Speak up, stick to your guns, assert yourself when you need to, demand respect, stay true to your values.

    4. Your Health Is Your Most Valuable Asset

    Health is an invaluable treasure—always appreciate, nurture, and protect it. Good health is often wasted on the young before they have a chance to appreciate it for what it’s worth.

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    We tend to take our good health for granted, because it’s just there. We don’t have to worry about it, so we don’t really pay attention to it… until we have to.

    Heart disease, bone density, stroke, many cancers—the list of many largely preventable diseases is long, so take care of your health now, or you’ll regret it later on.

    5. You Don’t Always Get What You Want

    “Life is what happens while you’re busy making other plans.” – John Lennon

    No matter how carefully you plan and how hard you work, sometimes things just don’t work out the way you want them to… and that’s okay.

    We have all of these expectations; predetermined visions of what our “ideal” life will look like, but all too often, that’s not the reality of the life we end up with. Sometimes our dreams fail and sometimes we just change our minds mid-course. Sometimes we have to flop to find the right course and sometimes we just have to try a few things before we find the right direction.

    6. It’s Not All About You

    You are not the epicenter of the universe. It’s very difficult to view the world from a perspective outside of your own, since we are always so focused on what’s happening in our own lives. What do I have to do today? What will this mean for me, for my career, for my life? What do I want?

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    It’s normal to be intensely aware of everything that’s going on in your own life, but you need to pay as much attention to what’s happening around you, and how things affect other people in the world as you do to your own life. It helps to keep things in perspective.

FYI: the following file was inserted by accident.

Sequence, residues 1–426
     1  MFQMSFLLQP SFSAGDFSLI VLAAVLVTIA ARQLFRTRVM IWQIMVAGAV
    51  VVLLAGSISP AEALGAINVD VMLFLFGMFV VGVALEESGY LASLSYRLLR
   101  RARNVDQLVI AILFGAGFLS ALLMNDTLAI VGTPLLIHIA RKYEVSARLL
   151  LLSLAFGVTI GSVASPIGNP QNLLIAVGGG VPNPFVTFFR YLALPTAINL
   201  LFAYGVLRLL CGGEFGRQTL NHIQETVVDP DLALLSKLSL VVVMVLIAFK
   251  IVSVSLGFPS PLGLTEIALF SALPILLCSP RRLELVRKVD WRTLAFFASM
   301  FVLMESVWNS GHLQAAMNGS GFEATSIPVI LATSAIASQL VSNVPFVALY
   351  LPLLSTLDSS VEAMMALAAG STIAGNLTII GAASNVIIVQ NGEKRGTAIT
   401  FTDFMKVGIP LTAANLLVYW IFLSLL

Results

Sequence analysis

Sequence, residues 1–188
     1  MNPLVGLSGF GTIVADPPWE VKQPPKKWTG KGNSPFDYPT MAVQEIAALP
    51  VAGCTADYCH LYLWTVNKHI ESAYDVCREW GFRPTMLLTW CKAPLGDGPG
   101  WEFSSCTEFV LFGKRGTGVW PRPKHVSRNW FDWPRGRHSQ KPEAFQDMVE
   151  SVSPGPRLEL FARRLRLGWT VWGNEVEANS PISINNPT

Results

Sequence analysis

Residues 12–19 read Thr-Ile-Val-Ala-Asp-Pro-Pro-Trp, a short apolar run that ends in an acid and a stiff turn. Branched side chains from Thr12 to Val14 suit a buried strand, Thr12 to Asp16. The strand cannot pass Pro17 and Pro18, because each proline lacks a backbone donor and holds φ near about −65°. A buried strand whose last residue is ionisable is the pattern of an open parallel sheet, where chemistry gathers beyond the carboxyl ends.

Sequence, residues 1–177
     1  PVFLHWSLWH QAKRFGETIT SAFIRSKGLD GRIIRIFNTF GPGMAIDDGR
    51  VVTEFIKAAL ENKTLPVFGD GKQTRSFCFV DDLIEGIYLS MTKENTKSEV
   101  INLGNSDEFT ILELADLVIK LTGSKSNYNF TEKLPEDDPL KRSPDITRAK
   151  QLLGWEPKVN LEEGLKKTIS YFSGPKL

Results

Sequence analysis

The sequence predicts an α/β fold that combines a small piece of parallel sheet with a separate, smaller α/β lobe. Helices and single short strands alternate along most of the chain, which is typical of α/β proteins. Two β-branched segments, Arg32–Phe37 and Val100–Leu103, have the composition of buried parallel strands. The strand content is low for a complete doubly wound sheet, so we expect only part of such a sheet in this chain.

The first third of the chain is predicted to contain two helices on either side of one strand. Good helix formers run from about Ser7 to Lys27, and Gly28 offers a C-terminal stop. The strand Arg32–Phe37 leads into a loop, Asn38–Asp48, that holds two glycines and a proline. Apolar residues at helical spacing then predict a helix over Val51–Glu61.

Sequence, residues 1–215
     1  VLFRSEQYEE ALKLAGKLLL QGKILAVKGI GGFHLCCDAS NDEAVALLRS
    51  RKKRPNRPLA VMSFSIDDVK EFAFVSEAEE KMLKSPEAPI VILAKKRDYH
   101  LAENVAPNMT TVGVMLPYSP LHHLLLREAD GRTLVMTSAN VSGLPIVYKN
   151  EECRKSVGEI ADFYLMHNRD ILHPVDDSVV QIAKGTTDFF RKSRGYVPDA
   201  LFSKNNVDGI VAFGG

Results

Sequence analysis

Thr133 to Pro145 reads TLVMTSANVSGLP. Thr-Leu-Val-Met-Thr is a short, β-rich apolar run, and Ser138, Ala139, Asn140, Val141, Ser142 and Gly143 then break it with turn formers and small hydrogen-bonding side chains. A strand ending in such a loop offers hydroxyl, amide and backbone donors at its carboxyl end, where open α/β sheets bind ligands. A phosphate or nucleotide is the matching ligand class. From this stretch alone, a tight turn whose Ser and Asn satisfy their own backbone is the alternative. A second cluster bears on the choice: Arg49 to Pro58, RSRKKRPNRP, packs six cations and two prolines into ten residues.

7. There’s No Shame in Not Knowing

    No one has it all figured out. Nobody has all the answers. There’s no shame in saying “I don’t know.” Pretending to be perfect doesn’t make you perfect. It just makes you neurotic to keep up the pretense of manufactured perfection.

    We have this idea that there is some kind of stigma or shame in admitting our limitations or uncertainly, but we can’t possibly know everything. We all make mistakes and mess up occasionally. We learn as we go, that’s life.

    Besides—nobody likes a know-it-all. A little vulnerability makes you human and oh so much more relatable.

    8. Love Is More Than a Feeling; It’s a Choice

    That burst of initial exhilaration, pulse quickening love and passion does not last long. But that doesn’t mean long-lasting love is not possible.

    Love is not just a feeling; it’s a choice that you make every day. We have to choose to let annoyances pass, to forgive, to be kind, to respect, to support, to be faithful.

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    Relationships take work. Sometimes it’s easy and sometimes it’s incredibly hard. It is up to us to choose how we want to act, think and speak in a relationship.

    9. Perspective Is a Beautiful Thing

    Typically, when we’re worried or upset, it’s because we’ve lost perspective. Everything that is happening in our lives seems so big, so important, so do or die, but in the grand picture, this single hiccup often means next to nothing.

    The fight we’re having, the job we didn’t get, the real or imagined slight, the unexpected need to shift course, the thing we wanted, but didn’t get. Most of it won’t matter 20, 30, 40 years from now. It’s hard to see long term when all you know is short term, but unless it’s life-threatening, let it go, and move on.

    10. Don’t Take Anything for Granted

    We often don’t appreciate what we have until it’s gone: that includes your health, your family and friends, your job, the money you have or think you will have tomorrow.

    When you’re young, it seems that your parents will always be there, but they won’t. You think you have plenty of time to get back in touch with your old friends or spend time with new ones, but you don’t. You have the money to spend, or you think you’ll have it next month, but you might not.

    Nothing in your life is not guaranteed to be there tomorrow, including those you love.

    This is a hard life lesson to learn, but it may be the most important of all: Life can change in an instant. Make sure you appreciate what you have, while you still have it.

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    Featured photo credit: Ben Eaton via unsplash.com